Issue Date: May 14, 2007
Nanotube needles deliver quantum dots
Multiwalled carbon nanotubes can be used as nanoinjectors to deliver quantum dots inside cells, a technique that could enhance studies of cellular processes (Proc. Natl. Acad. Sci. USA, DOI: 10.1073/pnas.0700567104). A team led by Carolyn R. Bertozzi and Alex Zettl at the University of California, Berkeley, and Lawrence Berkeley National Laboratory created the devices by first connecting a single nanotube to an atomic force microscope tip. Then the researchers attach a quantum dot to the nanotube via a linker that has a pyrene moiety at one end, a biotin moiety at the other end, and a disulfide bond in the middle. The pyrene adsorbs to the nanotube while the biotin binds to streptavidin on the surface of the quantum dot. As the nanotube needle pokes through a cell membrane, the reducing environment of the cytosol cleaves the disulfide bond, which releases the quantum dot inside the cell. The researchers tracked quantum dots injected into human cells, noting that the delivery method appears to leave the cells unharmed.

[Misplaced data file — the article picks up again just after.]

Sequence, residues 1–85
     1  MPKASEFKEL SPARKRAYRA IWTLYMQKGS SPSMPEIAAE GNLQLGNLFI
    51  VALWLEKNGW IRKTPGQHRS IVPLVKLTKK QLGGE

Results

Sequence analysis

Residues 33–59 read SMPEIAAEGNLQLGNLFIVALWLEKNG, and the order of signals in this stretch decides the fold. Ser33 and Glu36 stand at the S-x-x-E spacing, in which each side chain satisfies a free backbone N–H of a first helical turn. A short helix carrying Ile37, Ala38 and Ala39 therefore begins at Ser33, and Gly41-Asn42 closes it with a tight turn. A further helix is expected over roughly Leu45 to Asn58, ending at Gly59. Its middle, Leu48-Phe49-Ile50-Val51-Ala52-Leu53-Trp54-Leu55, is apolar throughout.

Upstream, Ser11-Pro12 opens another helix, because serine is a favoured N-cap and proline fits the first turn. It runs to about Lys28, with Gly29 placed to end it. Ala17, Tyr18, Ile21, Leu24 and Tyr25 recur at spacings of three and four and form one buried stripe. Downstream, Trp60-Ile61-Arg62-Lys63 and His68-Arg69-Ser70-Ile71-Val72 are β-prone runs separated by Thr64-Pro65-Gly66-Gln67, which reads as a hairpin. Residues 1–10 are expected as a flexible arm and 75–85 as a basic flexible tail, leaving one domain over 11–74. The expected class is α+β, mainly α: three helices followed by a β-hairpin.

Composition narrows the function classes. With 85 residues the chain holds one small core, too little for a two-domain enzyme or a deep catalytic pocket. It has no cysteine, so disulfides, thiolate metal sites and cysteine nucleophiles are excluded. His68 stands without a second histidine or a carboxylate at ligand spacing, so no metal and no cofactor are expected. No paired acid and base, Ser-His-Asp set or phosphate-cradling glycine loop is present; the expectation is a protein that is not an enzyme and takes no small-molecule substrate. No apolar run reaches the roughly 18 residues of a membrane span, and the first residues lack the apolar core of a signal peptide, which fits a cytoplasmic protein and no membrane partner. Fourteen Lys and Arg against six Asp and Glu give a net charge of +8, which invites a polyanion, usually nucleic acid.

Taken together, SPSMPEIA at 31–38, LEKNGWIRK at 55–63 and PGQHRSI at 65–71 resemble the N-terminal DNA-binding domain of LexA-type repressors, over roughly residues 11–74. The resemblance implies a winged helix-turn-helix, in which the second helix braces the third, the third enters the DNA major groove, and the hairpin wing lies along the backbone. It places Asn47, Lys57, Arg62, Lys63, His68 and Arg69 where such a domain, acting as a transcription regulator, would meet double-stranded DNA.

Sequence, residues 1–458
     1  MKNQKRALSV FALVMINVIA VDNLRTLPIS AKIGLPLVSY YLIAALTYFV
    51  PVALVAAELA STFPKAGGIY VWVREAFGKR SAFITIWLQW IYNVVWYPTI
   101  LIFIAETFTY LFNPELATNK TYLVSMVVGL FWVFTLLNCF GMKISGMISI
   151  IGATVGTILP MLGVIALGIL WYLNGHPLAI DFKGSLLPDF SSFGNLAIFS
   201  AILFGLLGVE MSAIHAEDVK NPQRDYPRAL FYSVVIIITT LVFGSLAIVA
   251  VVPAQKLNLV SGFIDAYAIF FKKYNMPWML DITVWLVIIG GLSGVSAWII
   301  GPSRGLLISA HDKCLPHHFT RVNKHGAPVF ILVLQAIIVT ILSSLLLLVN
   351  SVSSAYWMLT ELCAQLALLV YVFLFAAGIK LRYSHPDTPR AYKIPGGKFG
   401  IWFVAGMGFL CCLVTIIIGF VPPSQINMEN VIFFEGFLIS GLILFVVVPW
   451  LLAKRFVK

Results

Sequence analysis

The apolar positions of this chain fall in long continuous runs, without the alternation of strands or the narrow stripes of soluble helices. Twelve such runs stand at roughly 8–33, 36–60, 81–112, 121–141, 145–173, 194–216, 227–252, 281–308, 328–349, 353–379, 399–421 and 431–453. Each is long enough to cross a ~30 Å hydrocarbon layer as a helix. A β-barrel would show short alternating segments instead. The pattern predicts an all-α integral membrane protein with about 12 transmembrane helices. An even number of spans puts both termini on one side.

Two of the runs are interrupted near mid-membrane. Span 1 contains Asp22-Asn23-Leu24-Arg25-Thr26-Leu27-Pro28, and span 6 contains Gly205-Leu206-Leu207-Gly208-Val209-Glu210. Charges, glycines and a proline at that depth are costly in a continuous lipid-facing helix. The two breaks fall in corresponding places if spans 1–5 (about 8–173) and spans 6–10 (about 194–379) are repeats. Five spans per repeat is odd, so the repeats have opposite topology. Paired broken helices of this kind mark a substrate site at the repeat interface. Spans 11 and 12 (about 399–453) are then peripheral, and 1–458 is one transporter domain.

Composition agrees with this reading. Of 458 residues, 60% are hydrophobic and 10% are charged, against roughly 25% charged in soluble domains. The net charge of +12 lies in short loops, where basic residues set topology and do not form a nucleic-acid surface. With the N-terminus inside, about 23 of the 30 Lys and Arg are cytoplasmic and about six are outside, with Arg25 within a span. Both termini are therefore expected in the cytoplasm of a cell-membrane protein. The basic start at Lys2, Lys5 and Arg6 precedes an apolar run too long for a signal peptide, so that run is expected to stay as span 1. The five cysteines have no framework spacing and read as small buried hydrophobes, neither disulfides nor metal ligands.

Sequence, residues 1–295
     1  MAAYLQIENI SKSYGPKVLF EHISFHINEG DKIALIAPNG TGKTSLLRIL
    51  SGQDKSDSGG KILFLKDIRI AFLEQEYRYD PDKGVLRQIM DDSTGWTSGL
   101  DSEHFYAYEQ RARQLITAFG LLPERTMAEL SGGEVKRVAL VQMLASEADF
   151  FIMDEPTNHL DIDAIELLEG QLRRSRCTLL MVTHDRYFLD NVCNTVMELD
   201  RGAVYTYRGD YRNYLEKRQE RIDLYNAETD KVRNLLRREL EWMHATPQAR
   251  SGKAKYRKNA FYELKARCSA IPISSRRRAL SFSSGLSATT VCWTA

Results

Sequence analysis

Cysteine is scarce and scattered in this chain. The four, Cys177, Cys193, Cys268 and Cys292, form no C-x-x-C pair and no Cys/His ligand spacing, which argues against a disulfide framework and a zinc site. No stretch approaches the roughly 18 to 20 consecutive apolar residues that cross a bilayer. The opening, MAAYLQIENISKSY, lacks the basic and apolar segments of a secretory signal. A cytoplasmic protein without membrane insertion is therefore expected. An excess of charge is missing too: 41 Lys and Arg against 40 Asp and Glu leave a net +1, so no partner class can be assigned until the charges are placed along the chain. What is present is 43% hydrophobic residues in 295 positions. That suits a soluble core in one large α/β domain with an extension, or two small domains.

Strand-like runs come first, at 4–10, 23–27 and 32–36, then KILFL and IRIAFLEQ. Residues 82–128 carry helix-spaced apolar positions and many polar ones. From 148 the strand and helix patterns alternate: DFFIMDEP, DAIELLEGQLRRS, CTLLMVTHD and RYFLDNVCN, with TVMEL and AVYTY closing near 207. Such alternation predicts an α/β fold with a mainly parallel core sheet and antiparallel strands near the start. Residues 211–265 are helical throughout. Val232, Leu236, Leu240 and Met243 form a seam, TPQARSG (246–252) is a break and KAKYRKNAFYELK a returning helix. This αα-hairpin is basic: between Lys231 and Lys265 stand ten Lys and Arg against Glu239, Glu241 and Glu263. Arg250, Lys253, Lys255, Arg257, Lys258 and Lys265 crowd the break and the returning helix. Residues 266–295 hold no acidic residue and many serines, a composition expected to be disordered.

- Chemical & Engineering News
- ISSN 0009-2347
- Copyright © American Chemical Society